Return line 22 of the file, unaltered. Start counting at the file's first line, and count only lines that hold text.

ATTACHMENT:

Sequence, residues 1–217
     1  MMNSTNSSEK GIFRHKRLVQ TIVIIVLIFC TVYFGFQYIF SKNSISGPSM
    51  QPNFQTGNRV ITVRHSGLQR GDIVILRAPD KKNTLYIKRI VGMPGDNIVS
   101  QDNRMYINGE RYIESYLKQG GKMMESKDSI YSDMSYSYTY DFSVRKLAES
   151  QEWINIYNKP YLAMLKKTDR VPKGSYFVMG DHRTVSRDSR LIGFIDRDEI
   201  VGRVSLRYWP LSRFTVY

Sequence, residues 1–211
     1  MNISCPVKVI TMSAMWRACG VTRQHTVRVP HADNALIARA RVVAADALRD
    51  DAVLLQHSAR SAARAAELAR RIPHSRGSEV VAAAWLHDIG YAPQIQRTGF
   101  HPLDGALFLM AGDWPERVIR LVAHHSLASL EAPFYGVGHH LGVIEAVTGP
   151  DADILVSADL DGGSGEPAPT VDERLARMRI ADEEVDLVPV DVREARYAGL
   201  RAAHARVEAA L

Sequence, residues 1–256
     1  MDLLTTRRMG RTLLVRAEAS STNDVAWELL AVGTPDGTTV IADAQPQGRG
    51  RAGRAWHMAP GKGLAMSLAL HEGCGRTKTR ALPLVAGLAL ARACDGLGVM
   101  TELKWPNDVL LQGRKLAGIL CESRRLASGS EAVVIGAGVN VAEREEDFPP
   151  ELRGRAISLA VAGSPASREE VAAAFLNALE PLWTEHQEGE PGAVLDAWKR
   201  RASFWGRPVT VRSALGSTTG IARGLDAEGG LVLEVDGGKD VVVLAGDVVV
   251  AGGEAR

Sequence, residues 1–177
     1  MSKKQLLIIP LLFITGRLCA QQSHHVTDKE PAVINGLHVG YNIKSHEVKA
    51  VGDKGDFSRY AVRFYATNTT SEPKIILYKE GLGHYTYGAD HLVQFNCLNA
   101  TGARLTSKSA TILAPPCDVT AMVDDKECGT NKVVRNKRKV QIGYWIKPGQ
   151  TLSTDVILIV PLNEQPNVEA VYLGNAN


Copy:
    51  VGDKGDFSRY AVRFYATNTT SEPKIILYKE GLGHYTYGAD HLVQFNCLNA